The project was abandoned at this point and agreement reached to connected to the London and South Western Railway at Shawford Junction with running rights into Southampton. George Thomas, a fish merchant, appointed as a director of the limited company when it was formed in the summer of 1896, who lived in Shirley, saw the potential of the cleared site and purchased the land from the D. N. S. R. By the beginning of the 1898–99 season, Thomas had incurred expenditure of between £7,500 and £9,000 on acquiring and clearing the site, erecting the new stands and had agreed an initial three-year lease to the football club at a rental of £250 p.a. The dell had been drained with 13,000 ft of pipe being laid, all draining into the central culvert formed from the Rollsbrook stream; the playing field had to be levelled and the ground made up and turfed ready for the opening of the new season. On completion, the stadium was described in the Southampton Observer:... the rising staging on the north side of the ground will hold 5,500 spectators, who have of course to stand up.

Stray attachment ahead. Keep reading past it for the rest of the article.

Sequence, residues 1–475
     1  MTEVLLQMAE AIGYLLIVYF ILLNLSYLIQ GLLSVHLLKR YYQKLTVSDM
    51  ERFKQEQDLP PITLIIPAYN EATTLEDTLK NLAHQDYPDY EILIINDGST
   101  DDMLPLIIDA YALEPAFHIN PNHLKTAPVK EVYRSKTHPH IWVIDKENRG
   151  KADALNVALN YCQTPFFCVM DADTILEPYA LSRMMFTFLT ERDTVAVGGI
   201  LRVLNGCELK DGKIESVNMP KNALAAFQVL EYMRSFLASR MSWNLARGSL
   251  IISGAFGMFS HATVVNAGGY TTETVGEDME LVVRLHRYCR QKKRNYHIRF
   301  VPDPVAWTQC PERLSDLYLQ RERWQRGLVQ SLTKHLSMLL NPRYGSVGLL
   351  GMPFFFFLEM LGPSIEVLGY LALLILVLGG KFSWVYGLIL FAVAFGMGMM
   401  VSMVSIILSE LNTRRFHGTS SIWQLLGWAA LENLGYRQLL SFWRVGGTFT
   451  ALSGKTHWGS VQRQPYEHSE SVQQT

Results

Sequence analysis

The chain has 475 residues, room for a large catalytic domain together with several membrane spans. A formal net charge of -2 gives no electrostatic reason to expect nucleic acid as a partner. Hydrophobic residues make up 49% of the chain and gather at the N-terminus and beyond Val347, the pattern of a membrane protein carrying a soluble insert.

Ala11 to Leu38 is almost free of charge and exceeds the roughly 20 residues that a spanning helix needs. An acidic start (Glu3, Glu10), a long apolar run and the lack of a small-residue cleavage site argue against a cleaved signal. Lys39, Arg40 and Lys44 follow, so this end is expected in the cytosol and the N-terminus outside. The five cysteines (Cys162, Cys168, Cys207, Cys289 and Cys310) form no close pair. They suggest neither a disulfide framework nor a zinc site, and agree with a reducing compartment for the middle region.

This totals up to 24,500. At this stage, the new ground did not have an official name, with various names suggested including the "Fitzhugh Dell", the "Archer's Ground" and "Milton Park" but the ground became known by default as "the Dell"; the stadium was opened in September 1898, with the inaugural match on 3 September being against Brighton United. The first goal at the stadium was scored by Watty Keay, with the others from Abe Hartley, Jim McKenzie and Tom Smith, as Southampton won 4–1, it hosted an international match in 1901, as England defeated Ireland 3–0 in the 1900–01 British Home Championship. In 1927, the original West Stand was demolished and the new West Stand was built; this was designed by Archibald Leitch, one of the greatest football stand designers of the day, who had designed stands at Fratton Park, Roker Park and at Goodison Park. A year on the last day of the 1928–29 season a dropped cigarette caused a fire which destroyed the East Stand. A replacement stand was built which mirrored the West Stand, increasing the ground capacity to 30,000.